Burlington Teachers Say The Strike Is Not About Salary
A teacher strike that began last Thursday has emptied school classrooms in Vermont’s largest city, but the head of the Burlington teachers’ union says the walk-out isn’t about money or benefits.
Fran Brock, a high school history teacher and president of the Burlington Education Association, says the city’s first teacher strike since 1978 has more to do with teachers’ time than their salaries.
“Our teachers, particularly in the elementary school, desperately need time during the school day to prepare, to collaborate, to assess, to evaluate student-centered learning plans, so each and every student can succeed,” Brock says.
Brock says elementary school teachers, in particular, don’t have that time, because they’re required to supervise students during lunch and recess. And she says the Burlington School Board’s unwillingness to relieve them of that duty is what led to the walkout.
“We’re less than a percent away or so on the salary and health benefit issues. We’re just so close to settling that that that’s not really the driving force here,” Brock says.
Brock spoke to reporters Monday morning outside Lyman C. Hunt Middle School, where about 100 educators were picketing along a sidewalk on North Ave.
"I'm concerned that we're headed towards a period of six weeks or so where there's going to be increased labor strife." — Nicole Mace, Vermont School Boards Association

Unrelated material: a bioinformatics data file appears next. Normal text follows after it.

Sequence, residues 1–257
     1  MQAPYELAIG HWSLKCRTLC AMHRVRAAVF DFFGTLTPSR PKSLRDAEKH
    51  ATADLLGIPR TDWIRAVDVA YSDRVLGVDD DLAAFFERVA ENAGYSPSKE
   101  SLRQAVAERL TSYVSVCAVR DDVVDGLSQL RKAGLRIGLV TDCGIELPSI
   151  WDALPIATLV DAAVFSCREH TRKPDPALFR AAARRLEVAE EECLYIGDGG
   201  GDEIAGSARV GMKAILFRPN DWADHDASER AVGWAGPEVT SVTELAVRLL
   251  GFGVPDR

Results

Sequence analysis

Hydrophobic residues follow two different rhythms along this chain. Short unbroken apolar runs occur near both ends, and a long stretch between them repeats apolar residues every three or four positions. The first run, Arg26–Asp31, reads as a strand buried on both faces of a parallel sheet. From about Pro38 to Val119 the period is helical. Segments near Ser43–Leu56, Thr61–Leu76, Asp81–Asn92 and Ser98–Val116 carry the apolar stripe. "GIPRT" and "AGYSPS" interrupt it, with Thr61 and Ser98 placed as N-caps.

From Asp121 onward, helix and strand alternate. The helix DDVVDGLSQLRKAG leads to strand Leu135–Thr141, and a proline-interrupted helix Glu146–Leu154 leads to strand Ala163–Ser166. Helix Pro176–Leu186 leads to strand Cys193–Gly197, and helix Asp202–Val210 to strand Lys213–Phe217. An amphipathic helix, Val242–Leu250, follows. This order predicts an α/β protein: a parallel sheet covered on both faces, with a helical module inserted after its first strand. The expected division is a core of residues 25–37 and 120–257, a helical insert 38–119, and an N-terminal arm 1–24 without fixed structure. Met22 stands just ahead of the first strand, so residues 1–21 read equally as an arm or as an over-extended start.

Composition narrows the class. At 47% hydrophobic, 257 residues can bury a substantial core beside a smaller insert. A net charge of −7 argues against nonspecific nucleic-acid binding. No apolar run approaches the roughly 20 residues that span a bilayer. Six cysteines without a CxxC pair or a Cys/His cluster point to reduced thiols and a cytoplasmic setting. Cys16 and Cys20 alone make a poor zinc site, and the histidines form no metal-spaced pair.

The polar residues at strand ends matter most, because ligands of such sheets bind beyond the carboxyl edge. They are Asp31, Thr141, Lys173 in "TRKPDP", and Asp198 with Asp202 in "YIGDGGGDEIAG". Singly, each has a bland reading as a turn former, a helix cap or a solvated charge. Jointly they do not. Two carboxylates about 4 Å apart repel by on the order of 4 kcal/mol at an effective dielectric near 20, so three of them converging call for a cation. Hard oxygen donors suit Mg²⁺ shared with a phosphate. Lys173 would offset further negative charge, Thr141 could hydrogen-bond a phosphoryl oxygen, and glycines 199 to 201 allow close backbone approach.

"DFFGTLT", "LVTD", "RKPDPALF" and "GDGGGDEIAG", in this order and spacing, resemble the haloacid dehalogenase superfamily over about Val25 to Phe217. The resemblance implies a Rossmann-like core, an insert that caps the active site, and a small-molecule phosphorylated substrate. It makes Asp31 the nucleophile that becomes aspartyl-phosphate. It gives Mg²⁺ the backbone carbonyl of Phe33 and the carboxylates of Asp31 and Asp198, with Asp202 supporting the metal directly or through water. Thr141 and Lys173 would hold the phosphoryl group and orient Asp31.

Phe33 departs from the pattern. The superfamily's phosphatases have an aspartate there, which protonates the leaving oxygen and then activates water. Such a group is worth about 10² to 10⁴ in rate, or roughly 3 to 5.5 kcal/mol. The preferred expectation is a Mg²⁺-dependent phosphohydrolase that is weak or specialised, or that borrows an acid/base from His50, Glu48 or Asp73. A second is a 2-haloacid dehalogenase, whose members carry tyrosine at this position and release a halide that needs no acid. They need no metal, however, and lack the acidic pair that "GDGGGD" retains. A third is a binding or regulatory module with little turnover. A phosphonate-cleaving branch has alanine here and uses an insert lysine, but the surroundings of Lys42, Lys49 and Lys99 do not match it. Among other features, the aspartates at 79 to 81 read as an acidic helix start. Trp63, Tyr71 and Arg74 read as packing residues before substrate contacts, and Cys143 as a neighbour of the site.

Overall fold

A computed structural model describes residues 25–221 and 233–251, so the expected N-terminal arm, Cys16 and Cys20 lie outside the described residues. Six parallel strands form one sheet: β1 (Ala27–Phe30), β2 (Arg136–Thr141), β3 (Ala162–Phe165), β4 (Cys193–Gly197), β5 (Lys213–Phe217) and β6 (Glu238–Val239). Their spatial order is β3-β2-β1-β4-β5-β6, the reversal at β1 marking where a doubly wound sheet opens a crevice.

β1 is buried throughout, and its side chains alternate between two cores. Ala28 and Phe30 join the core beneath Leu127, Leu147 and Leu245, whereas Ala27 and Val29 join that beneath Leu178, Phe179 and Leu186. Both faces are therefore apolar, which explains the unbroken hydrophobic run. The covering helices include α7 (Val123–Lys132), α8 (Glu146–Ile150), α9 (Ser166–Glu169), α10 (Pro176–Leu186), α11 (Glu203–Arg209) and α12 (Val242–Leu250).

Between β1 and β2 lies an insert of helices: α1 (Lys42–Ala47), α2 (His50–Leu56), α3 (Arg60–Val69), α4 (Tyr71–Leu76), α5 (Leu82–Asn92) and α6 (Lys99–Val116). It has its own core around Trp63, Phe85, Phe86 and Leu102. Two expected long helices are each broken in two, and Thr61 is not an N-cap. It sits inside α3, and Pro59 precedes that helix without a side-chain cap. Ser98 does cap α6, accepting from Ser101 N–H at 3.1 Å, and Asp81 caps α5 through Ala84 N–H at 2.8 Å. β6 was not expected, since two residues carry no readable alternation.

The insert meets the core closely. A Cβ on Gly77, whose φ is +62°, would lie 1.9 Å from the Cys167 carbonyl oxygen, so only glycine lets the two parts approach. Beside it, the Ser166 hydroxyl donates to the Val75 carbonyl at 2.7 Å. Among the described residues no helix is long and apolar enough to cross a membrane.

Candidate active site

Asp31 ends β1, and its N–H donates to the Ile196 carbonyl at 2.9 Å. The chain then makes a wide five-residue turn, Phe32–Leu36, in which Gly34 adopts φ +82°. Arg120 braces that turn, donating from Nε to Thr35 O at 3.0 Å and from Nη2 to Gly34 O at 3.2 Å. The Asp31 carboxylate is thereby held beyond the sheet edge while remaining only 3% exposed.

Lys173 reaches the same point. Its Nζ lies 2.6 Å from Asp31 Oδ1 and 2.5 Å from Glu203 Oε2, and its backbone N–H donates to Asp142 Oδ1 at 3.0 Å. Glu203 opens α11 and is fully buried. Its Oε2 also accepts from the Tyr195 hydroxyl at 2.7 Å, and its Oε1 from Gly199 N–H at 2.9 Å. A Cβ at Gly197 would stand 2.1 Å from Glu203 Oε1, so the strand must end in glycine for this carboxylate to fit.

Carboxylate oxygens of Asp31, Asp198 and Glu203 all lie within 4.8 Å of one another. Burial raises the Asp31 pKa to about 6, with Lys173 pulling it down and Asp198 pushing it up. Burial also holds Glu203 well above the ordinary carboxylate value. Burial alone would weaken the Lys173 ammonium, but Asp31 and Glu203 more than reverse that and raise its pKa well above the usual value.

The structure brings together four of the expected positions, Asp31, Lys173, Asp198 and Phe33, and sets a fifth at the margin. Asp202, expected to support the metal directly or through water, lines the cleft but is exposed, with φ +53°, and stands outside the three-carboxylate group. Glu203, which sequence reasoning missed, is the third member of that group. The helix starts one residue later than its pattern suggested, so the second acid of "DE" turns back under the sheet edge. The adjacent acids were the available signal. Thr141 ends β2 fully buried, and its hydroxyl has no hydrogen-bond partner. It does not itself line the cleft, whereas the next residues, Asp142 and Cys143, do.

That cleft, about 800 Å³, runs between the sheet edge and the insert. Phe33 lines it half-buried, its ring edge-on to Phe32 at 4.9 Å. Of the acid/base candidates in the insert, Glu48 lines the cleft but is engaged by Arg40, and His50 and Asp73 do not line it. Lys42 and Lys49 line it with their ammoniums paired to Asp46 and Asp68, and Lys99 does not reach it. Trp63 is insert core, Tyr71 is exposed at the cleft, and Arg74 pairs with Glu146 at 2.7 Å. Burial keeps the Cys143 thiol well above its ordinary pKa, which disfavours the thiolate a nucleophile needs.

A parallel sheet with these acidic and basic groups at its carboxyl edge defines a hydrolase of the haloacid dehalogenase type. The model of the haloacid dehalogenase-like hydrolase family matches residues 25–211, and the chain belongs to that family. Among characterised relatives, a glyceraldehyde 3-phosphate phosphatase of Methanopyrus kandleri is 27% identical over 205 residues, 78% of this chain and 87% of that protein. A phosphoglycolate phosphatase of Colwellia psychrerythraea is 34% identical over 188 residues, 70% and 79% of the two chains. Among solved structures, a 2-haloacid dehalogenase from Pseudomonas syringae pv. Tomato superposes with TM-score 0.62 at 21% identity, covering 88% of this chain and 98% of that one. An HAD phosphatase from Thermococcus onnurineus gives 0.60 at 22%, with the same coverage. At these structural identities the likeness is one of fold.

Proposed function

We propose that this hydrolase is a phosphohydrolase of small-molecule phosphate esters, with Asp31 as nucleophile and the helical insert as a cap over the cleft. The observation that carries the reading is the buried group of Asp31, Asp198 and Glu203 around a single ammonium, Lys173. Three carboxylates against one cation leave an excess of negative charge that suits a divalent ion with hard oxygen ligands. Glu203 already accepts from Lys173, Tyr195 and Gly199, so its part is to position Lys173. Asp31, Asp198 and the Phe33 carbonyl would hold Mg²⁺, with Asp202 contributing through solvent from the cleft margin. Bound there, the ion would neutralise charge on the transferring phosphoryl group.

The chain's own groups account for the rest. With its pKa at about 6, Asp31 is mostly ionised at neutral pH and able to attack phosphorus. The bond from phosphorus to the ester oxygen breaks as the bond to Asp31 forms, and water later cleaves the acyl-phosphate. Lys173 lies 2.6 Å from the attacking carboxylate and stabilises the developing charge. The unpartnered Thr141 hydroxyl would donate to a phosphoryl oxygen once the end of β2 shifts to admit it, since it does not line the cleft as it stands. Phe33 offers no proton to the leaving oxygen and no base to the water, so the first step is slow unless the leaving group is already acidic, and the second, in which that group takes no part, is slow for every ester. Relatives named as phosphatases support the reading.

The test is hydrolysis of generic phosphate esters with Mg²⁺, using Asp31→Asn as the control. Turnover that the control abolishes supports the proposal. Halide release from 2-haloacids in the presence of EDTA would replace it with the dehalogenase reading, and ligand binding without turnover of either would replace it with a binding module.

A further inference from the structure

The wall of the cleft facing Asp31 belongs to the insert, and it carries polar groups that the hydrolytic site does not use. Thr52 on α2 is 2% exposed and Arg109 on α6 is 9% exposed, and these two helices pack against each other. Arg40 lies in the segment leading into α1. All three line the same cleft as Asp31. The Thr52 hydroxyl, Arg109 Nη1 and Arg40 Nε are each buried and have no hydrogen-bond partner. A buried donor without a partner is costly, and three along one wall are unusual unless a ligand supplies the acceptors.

“We know the strike is a strain on the community — that’s not lost on us,” Brock says.
Nearly 4,000 students attend Burlington’s public schools; Brock says the strike has no doubt been a logistical nightmare for many of their parents. But she says teachers resorted to this option as a matter of necessity.
“I think there were people who didn’t think that we really would strike,” Brock says.
Stephanie Seguino, the vice-chairwoman of the Burlington School Board, says she appreciates teachers’ desire to focus on other professional duties during lunch and recess.
“And yet the evidence tells us that that is when bullying occurs, whether it’s due to sexism or homophobia and so forth,” Seguino says.
Brock says the supervisory duties needed to avert that bullying could be left to para-educators during lunch and recess. But Seguino says it would be administratively difficult to bring new employees in solely for those times of the day.
“And, teachers know students from their classroom, so they can anticipate issues that will emerge on the playground and in the lunch room,” Seguino says.
A mediator has called the school board and the teachers union back to the bargaining table on Tuesday morning. Seguino says the board is prepared to find “innovative” solutions to the issue of teacher time. And she says “if in fact the issues are around the elementary school day issues, then I’m very optimistic” the dispute will be resolved.
But Burlington isn’t the only contractual hot spot in Vermont right now. According to the Vermont-NEA, only 41 percent of teachers have inked contracts for the coming year.
Nicole Mace, the executive director of the Vermont School Boards Association, says that percentage is “low for this time of year.”
“You would normally expect more agreements to have been settled,” Mace says.
Mace says the fiscal constraints boards are wrestling with are real. And with so many districts already at impasse, she says other communities may soon be dealing their own labor issues.
“I’m concerned that we’re headed towards a period of six weeks or so where there’s going to be increased labor strife,” Mace says.
Teachers and school board members in Burlington will meet at 11:30 a.m. on Tuesday.